Public defence in Bioproduct Technology, M.Sc. Roberta Teixeira Polez
Title of the thesis: Tailoring the properties of polysaccharides-based hydrogels: from cell interactions to biomedical applications
Doctoral student: M.Sc. Roberta Teixeira Polez
Opponent: Professor Aji Mathew, Stockholm University, Sweden
Custos: Professor Monika Österberg, Aalto University School of Chemical Engineering, Department of Bioproducts and Biosystems
The design of novel polysaccharides-based hydrogels can potentially improve cell culture and enhance biomedical applications
Innovative solutions are required to address the rising and urgent demand for tissue and organ regeneration. The challenges intensify with an aging population and the progression of pathologies affecting vital organ functions. Additionally, the reliance on animal models for drug toxicity testing is limited due to excessive cost, ethical concerns, and low accuracy in replicating in vivo responses.
As a valuable solution, tissue engineering utilizes 3D scaffolds combining cells and biomimetic matrices to restore or replace biological functions in tissues and organs. Moreover, tissue engineering holds the potential to develop in vitro 3D cell cultures which closely replicate in vivo systems, enabling more reliable drug screening without the need for animal models.
This thesis explores innovative strategies for 3D fabrication of high-performance functional materials, with a focus on advancing biomedical research by developing polysaccharides-based hydrogels designed to closely mimic the properties of the human extracellular matrix (Papers I-III). Nanocellulose hydrogels, while promising, face challenges related to poor mechanical properties and limited 3D printing resolution; hence, a strategic combination with heteropolysaccharides (tragacanth gum, xanthan gum, and quince seed mucilage) improves the processability of the hydrogels.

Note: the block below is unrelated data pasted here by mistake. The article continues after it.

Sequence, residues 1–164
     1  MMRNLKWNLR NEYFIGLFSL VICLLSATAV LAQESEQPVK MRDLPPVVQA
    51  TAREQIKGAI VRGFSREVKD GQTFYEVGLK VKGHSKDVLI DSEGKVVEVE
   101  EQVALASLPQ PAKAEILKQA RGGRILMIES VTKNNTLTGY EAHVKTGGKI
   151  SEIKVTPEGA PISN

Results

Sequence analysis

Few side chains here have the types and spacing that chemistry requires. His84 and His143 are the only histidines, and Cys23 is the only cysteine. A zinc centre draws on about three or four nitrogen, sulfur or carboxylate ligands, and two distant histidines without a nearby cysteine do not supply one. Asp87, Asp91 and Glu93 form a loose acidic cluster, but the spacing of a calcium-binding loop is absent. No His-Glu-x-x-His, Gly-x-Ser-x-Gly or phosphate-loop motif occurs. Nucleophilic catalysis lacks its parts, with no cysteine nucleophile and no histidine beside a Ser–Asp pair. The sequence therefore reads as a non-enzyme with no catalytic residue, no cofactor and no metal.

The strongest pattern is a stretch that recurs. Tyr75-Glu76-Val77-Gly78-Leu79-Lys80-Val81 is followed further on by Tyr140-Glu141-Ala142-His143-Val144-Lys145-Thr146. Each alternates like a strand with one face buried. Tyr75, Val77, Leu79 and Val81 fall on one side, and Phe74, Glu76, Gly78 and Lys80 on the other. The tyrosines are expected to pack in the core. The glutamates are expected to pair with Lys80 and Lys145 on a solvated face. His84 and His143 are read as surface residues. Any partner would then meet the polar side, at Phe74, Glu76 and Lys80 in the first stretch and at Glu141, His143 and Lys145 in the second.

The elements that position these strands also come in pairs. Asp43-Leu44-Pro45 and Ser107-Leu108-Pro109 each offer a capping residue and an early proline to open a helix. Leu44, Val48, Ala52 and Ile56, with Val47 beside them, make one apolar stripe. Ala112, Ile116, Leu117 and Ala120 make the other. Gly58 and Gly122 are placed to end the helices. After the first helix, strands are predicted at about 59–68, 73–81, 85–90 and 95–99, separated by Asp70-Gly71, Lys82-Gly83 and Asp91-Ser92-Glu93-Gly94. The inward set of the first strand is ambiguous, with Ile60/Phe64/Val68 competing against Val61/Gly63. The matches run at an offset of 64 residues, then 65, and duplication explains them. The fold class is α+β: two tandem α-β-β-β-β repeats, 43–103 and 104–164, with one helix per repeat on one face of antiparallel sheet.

Furthermore, the study explores controlled drug delivery, particularly the development of chitosan hydrogels enriched with the phenolic compound phloroglucinol (Paper IV). These hydrogels exhibited versatility, as they could be prepared with varying porosities and morphologies, resulting in distinct release kinetics. This versatility positions them as suitable biocompatible scaffolds and drug delivery systems, particularly for applications such as wound dressing.
Finally, the thesis also seeks to understand interactions at the interface of cellulose-based materials and living human cells in biomedical research, aiming to discern the impact of material properties on cell behavior and draw insights to develop more efficient materials (Paper V). These meticulously designed materials help to consolidate the field of biomimetic plant-based hydrogels, which have tremendous potential to improve cell culturing and enhance biomedical applications.
Thesis available for public display 10 days prior to the defence
M.Sc. Roberta Teixeira Polez
Doctoral theses in the School of Chemical Engineering